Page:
All posts tagged Peter Taylor

Wed. Nov. 3/43 10.45. P.M.

Have just come to bed. Jean has been in some time but I stopped to write an airgraph to Ron. However I have not finished it as I could not remember what I wanted to put in. I am tired after going to Sk[egness] this morning. Went on 10.30 bus’ and came back with Father. He took Mrs. Atk.son to catch 12.20 train. He had his hair-cut 10D and we went to try to get fish to take home for dinner. Did not fancy gournets with skin on and Halibut was 2/9 lb. so did not get any. Got sausage rolls (very good) and cheesecakes and with a bit of cold ham for Father made do for dinner. Rene came just after we arrived home between 1 and 2 o’c, she had done a big wash. Hope it dried. It was first fine day this week. It was so warm that we sat on seat near back door after dinner. We should have been home earlier but just got to corner of Lan[caster] Av. [Skegness] where Dr Menz[ies’] house is and pet[rol] gave out. It was a long way to walk to Pet. St[ation] on Burgh Rd. but Father found a good Samaritan who let him have a quart, very illegal, but helpful, as the garage man might have refused to put him some in a tin. He did do tho’ when we finally arrived there to fill up so Father left it at Hallgarth’s on way home. Mr. Bell had borrowed it for Father when he fetched Mrs Seal and baby home from Huttoft. What shifts we are reduced to. Shall we ever become honest again. Heard chatter and clatter of feet go by just now. Wonder if it’s H.G. They are supposed to be out tonight. Wonder how Pete Taylor is feeling to-night. I bet he wishes he were out with them.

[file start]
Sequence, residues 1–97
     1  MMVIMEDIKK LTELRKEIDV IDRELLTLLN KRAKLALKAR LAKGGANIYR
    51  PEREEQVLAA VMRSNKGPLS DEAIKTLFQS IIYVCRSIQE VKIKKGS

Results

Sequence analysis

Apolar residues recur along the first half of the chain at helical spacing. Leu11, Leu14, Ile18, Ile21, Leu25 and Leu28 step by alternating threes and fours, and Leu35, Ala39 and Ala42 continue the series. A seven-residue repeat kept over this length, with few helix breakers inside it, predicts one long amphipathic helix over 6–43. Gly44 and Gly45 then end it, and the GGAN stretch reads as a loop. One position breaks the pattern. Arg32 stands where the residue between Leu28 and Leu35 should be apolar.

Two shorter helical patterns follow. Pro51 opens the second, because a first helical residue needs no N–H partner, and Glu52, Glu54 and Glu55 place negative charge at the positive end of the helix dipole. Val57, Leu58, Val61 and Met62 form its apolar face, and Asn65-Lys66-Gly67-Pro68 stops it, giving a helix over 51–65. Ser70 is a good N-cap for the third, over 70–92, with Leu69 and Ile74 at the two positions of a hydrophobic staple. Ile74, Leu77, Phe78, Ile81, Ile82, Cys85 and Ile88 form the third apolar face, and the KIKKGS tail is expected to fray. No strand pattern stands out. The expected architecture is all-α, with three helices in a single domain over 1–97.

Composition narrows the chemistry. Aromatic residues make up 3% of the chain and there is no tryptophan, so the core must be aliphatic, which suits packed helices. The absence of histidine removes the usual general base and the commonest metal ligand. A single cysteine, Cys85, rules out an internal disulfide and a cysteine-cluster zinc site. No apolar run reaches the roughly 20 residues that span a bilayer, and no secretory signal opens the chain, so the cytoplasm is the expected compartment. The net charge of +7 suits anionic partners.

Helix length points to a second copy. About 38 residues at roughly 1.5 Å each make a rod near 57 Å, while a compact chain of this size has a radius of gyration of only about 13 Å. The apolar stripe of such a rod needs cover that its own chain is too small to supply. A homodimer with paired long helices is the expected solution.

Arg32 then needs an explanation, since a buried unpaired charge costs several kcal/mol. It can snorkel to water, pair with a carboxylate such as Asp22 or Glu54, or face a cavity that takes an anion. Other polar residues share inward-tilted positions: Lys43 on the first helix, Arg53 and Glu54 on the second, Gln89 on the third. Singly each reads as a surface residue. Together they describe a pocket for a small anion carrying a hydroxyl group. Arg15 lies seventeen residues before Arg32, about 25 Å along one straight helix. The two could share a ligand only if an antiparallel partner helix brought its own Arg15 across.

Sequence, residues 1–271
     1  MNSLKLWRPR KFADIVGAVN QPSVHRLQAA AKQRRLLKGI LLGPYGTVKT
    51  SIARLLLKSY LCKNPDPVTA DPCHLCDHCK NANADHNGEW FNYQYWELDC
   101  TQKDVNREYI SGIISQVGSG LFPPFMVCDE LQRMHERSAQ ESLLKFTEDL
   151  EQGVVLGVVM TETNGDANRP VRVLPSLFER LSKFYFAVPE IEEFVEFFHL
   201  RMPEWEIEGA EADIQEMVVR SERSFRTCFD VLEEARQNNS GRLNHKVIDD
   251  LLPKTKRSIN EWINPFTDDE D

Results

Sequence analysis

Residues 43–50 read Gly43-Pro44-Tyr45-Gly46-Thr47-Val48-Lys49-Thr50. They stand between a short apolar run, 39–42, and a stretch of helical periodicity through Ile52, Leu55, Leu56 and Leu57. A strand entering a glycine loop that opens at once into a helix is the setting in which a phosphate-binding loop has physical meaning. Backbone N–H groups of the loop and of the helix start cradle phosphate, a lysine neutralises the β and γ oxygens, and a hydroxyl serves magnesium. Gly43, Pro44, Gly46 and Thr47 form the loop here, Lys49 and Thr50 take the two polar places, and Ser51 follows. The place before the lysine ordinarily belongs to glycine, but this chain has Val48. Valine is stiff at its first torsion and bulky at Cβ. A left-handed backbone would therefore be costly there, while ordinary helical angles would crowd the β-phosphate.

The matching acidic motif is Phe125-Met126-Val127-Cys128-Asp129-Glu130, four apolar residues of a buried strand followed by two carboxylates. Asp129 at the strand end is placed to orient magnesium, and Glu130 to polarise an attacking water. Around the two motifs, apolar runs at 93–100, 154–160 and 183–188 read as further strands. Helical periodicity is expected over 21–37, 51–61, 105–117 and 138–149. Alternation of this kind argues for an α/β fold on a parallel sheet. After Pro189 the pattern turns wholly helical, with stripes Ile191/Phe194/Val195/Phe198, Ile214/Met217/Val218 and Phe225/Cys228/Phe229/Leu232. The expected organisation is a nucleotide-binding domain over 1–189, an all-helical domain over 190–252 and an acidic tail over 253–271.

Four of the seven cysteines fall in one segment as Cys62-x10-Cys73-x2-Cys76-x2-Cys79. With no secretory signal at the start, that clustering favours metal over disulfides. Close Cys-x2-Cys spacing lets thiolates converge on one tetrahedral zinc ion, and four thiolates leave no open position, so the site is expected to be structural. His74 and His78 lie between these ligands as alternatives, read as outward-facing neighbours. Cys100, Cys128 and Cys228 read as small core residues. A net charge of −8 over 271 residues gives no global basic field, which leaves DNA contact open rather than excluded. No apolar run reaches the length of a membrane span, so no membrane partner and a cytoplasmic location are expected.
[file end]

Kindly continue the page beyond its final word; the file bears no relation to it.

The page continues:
I had been showing Eff my toy horse this aft and it was on table when H Blanchard came. He promptly asked how much it was and gave me 5/0 straight away for it. It’s worth it too according to the toys I saw to-day in shops at Sk. Mean looking, terribly badly dressed dolls 22/6 and much worse animals than my home-made one from 4/6 to 14/6. Have cut a doll out tonight. Must make it and let Jean take it to Gerry Balding. The patterns are very good and this one encloses pattern for dress and knickers, that will take off. Have started back of Jean’s cardigan too and finished Tam o’ Shanter hat except for lining so it will be ready for Sunday, saw one in Sk. like it on someone and they looked very nice in it. I think I am going to like mine, and it will cost nothing, it being made out of materials I had. I have an old round silver brooch which I think I shall wear on side of it.

A great lot of planes went out tonight round about 6 p.m. and there was a big explosion which shook the house and rattled doors and windows just before Father went on watch. Heard planes return between 9 and ten. Wonder where they had been and if many were lost. War news keeps very good. Armies in Italy advancing all the time, if slowly. They have taken villages and places commanding plains where Gers are withdrawing, and Russians are advancing by leaps and bounds. It will be a good thing when the bloodshed is over, altho’ it won’t be all plain sailing then.

Mrs Atkinson (see 5 Sep 1943) was probably meant here.

‘Gournet’– a fish alternatively known as gurnet, gurnard, grondin, griofle.

Mrs Seal was the married name of Edith, the daughter of Reverend Bell (see 19 Dec 1942). She lived in Sunningdale Drive.

Harold Blanchard, one of the two brothers from Hogsthorpe, was almost certainly meant here (see 5 Nov 1941).

Gerald Balding, whose elder brothers were George and John, was the child of Billy (see 15 Oct 1942).

Have you read an introduction to May Hill & family (includes photographs) and explored ‘The Casualties Were Small’?

Tue July 20 8.30 P.M. [1943]